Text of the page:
Powerful 8.2 Magnitude Earthquake Jolts Northern Chile
April 2, 2014
Following the earthquake, Pacific Disaster Center (PDC) produced a variety of situational awareness products, including this one illustrating Shaking Intensity of the powerful 8.2 quake and numerous aftershocks in Iquique, Chile.
The U.S. Geological Survey (USGS) reported a massive 8.2 magnitude earthquake that struck off the coast of northern Chile on Tuesday, April 1, at 8:46 p.m. (local time), about 60 miles NW of the city of Iquique, an area that has recently experienced a great deal of seismic activity. At a shallow depth of 12.5 miles, the strong quake triggered a small tsunami, landslides, and widespread structural damage and power outages. As reported by the Thomson Reuters Foundation, Chilean authorities have confirmed six deaths, a remarkably low toll for such a strong earthquake. More than 60 significant aftershocks were recorded, including a 6.2 magnitude jolt, according to the USGS.
Following the quake, a mandatory evacuation kept more than 900,000 people away from their homes along Chile’s low-lying coastline. The Pacific Tsunami Warning Center (PTWC) reported that the quake generated a sea wave of over 7 feet (2 meters). The tsunami caused flooding in city streets, and washed away some fishing boats, but no major tsunami damage was apparent. Chilean President Michelle Bachelet visited affected areas on Wednesday, April 2, declaring a state of emergency in three regions around the earthquake disaster zone.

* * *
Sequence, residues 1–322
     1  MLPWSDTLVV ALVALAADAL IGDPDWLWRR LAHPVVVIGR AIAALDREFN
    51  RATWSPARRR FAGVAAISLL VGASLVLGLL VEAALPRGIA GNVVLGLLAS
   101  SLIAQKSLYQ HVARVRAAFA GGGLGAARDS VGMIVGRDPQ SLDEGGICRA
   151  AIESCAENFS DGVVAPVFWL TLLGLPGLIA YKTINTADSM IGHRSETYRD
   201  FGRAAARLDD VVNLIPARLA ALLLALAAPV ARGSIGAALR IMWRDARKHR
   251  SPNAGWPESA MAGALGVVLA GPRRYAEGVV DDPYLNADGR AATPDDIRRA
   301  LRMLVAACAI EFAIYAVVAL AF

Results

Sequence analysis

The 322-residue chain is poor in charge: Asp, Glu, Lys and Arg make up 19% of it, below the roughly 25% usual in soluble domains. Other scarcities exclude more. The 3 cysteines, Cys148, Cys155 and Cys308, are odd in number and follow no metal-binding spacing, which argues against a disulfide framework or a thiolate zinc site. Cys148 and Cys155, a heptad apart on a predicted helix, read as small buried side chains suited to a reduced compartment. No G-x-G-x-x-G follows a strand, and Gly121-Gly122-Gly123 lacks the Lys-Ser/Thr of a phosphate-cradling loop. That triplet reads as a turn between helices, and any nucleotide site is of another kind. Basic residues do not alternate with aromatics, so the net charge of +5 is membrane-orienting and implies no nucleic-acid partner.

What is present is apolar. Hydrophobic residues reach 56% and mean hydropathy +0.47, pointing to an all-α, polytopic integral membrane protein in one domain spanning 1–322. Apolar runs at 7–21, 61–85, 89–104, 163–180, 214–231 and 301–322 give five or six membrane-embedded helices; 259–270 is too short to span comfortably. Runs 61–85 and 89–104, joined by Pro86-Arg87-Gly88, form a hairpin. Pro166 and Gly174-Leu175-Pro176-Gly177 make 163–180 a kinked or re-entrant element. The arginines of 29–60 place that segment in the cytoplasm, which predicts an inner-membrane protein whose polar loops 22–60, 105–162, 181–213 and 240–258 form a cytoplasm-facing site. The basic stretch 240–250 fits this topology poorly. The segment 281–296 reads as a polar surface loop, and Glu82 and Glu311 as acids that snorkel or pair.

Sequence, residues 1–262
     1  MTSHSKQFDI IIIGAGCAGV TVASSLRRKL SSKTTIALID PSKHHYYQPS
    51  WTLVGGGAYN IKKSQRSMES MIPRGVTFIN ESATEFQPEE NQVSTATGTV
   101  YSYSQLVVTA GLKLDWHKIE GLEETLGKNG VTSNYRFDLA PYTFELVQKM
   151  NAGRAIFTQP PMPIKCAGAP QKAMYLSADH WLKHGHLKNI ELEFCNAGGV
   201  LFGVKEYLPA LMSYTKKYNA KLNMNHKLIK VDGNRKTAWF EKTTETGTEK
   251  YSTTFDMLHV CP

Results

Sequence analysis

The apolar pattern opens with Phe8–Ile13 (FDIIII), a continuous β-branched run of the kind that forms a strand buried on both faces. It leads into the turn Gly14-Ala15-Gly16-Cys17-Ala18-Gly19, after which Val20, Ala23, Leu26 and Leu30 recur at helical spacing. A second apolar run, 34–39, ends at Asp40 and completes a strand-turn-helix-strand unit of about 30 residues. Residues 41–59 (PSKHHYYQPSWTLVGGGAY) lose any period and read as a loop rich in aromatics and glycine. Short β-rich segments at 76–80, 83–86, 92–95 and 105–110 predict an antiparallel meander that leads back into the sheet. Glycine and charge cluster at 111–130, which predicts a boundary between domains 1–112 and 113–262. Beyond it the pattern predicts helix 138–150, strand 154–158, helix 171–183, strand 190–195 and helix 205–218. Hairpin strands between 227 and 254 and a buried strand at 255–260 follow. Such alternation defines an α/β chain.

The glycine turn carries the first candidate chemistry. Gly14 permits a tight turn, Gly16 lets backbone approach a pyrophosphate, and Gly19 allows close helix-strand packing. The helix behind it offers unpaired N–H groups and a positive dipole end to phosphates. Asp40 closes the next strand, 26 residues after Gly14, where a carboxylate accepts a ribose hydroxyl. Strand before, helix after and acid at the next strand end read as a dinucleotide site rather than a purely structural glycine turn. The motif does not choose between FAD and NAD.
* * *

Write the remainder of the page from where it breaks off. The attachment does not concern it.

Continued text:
The PTWC posted a tsunami advisory for the State of Hawaii, and continuously evaluated the situation, and canceled the notification at 7:25 a.m. (local time) on Wednesday after small sea level changes declined. During the event, PDC also generated and posted a variety of products for public consumption, all based on the latest information from PTWC. Hawaii Island saw the most significant sea level change of 1.9 feet in 16 minutes, reported at 3.42 a.m. (local time). Hawaii residents were warned that even though the tsunami advisory is canceled, sea level changes may continue for several hours, and there may be strong and unusual currents. PTWC also reported that sea level changes were recorded in California.
Chile is one of the most earthquake-prone areas in the world. In 2010, an 8.8 magnitude earthquake and resulting tsunami struck central Chile, killing over 500 people. Back in 1960, the Great Chilean Earthquake—recorded at a magnitude of 9.5—struck southern Chile. This is the largest seismic event in modern history.
For more information on the Chile earthquake:
• Visit the PTWC and USGS sites for up-to-date information,
• View the Thomson Reuters Foundation site for more articles,
• Read a Washington Post article, and
• See a Star Advertiser story about impacts to Hawaii.
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